Trauma is the most common cause of death in children older than 1 year. Differences in anatomy and physiology mandate modifications to trauma evaluation and management in children.
Head trauma is the most frequent pediatric injury resulting in death. Overall, motor vehicle crash is the most common mechanism, and it is the leading mechanism of traumatic death in children older than 1 year. There are many manifestations and consequences of trauma unique to pediatric patients that should be addressed in the primary survey (Table 157-1).
Table 157-1 Primary Survey Goals |Favorite Table|Download (.pdf)
Table 157-1 Primary Survey Goals
|Inadequate airway||Securing and protection of airway|
|Cervical spine injury||Stabilization of cervical spine|
- Tension pneumothorax
- Massive hemothorax
- Open pneumothorax
Positive pressure ventilation
Supplemental oxygen administration
Needle decompression, tube thoracostomy
Occlusive dressing, tube thoracostomy
- Hypovolemic shock
- Pericardial tamponade
- Cardiac arrest
Fluid bolus, blood products
Fluid bolus, pericardiocentesis, thoracotomy
Chest compressions (CPR)
ED thoracotomy if penetrating trauma
- Spinal cord injury
- Cerebral herniation
Mild hyperventilation, mannitol
- Exsanguinating hemorrhage
Warmed fluids, external warming
Direct pressure, air splints
Airway: Airway management in children can be challenging. Anatomic differences include a large occiput, large tongue, and cephalad location of the larynx.
Breathing: Infants younger than 6 months are nose breathers and facial trauma may cause respiratory distress. Tachypnea is often the first sign of dyspnea (Table 157-2).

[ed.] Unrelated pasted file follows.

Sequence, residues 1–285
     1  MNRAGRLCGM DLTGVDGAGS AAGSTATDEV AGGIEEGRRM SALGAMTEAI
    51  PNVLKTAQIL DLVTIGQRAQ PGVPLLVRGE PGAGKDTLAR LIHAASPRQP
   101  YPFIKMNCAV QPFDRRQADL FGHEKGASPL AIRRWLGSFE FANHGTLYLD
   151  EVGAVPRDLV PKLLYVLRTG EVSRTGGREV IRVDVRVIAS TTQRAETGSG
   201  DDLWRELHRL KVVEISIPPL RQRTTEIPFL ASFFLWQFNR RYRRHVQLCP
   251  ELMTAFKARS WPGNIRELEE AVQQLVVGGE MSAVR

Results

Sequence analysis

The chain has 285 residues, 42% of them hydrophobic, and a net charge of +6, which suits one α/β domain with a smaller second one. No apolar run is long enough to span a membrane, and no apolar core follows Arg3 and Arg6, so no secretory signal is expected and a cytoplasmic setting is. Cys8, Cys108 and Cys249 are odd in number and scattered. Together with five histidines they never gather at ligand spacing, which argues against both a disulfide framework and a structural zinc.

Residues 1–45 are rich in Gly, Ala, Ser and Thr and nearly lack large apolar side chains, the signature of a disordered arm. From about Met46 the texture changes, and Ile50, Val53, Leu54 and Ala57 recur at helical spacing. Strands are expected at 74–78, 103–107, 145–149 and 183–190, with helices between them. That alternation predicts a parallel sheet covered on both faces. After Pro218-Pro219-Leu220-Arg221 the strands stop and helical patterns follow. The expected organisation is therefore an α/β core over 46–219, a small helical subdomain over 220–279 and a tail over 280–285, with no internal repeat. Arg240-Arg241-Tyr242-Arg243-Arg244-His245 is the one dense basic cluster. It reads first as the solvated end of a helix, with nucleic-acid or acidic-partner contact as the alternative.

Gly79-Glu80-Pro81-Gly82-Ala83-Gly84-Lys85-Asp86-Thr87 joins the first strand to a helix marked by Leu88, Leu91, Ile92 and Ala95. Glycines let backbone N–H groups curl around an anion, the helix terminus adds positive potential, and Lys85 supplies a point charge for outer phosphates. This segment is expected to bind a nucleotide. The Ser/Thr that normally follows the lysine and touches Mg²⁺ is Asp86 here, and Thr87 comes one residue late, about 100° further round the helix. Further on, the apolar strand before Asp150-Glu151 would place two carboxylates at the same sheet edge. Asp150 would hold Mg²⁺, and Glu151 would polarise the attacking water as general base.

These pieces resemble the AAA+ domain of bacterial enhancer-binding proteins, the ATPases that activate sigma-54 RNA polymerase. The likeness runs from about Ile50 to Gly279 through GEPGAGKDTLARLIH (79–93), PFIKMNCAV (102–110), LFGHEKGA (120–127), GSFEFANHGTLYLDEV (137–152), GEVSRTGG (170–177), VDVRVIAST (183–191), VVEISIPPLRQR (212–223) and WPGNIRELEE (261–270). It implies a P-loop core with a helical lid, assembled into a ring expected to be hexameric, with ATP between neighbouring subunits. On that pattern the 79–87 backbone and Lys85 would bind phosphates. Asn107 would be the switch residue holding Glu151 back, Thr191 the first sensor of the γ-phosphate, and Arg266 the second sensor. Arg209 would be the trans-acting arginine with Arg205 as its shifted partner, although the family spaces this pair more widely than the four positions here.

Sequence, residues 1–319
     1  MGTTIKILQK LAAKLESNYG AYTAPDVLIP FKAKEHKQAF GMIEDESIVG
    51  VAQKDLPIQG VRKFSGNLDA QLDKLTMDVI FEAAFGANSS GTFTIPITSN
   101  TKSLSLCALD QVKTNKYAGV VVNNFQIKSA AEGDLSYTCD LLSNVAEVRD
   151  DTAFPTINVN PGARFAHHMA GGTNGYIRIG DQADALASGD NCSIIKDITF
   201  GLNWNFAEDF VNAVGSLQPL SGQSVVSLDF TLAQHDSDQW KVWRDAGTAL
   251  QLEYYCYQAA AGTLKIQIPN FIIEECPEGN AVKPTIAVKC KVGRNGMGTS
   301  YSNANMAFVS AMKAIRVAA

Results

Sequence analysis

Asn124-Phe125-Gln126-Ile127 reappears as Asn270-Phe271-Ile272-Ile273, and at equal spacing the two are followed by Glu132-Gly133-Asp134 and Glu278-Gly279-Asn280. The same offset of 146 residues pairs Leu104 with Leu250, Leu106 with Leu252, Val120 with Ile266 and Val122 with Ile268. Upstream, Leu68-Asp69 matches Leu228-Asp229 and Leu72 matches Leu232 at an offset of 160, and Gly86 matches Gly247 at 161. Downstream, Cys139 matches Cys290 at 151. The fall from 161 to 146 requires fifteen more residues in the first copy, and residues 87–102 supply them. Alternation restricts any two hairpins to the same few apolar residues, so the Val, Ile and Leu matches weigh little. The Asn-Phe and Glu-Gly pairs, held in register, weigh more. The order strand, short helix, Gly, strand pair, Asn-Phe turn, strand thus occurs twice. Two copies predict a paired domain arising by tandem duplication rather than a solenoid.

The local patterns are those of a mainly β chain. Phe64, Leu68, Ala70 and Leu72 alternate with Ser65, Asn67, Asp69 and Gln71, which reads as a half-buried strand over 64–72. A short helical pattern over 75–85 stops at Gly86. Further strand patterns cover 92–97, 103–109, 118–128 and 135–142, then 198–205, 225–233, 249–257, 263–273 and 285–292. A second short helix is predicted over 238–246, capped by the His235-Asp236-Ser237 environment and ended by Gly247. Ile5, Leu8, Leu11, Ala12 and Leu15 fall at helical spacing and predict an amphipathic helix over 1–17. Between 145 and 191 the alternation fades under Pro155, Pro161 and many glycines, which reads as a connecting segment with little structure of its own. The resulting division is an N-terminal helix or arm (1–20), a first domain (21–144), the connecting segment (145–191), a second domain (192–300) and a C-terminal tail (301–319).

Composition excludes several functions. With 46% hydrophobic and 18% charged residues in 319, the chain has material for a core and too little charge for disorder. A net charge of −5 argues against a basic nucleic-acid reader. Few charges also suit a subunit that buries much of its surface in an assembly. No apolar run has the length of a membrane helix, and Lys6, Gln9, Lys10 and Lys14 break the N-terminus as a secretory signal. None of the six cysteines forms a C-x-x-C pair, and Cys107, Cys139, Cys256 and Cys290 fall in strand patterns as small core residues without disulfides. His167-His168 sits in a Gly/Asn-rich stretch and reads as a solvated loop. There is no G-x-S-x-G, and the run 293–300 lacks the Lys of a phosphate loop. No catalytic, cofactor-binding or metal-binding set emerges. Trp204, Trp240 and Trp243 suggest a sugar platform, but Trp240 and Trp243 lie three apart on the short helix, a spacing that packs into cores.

Table 157-2 Signs of Hypoxemia and Inadequate Ventilation |Favorite Table|Download (.pdf)
Table 157-2 Signs of Hypoxemia and Inadequate Ventilation
Signs of hypoxemia
- Poor capillary refill
- Desaturation measured by pulse oximetry
Signs of inadequate ventilation
- Nasal flaring
- Stridor or wheezing
Circulation: Children with compensated shock from hemorrhage have normal blood pressure and tachycardia. Other signs of shock include cap refill >3 seconds, cool extremities, weak peripheral pulses, and altered mental status. Hypotension is a prearrest finding in children.
Disability: In younger children, an age-specific adaptation of the Glasgow Coma Scale should be used. A bulging anterior fontanelle may indicate elevated intracranial pressure.
Exposure: The ratio of surface area to mass is greater in children, putting them at greater risk for hypothermia. Care should be taken to maintain normothermia.
Infants and neonates are at the highest risk of significant intracranial injury (Table 157-3). Mental status may be difficult to assess due to frequent developmental changes and patient anxiety. Parietal and occipital skull fractures are frequently associated with intracranial bleeding. Noncontrast CT is the imaging modality of choice for intracranial injury in children. Scalp injuries, particularly in neonates, may result in significant blood loss and shock.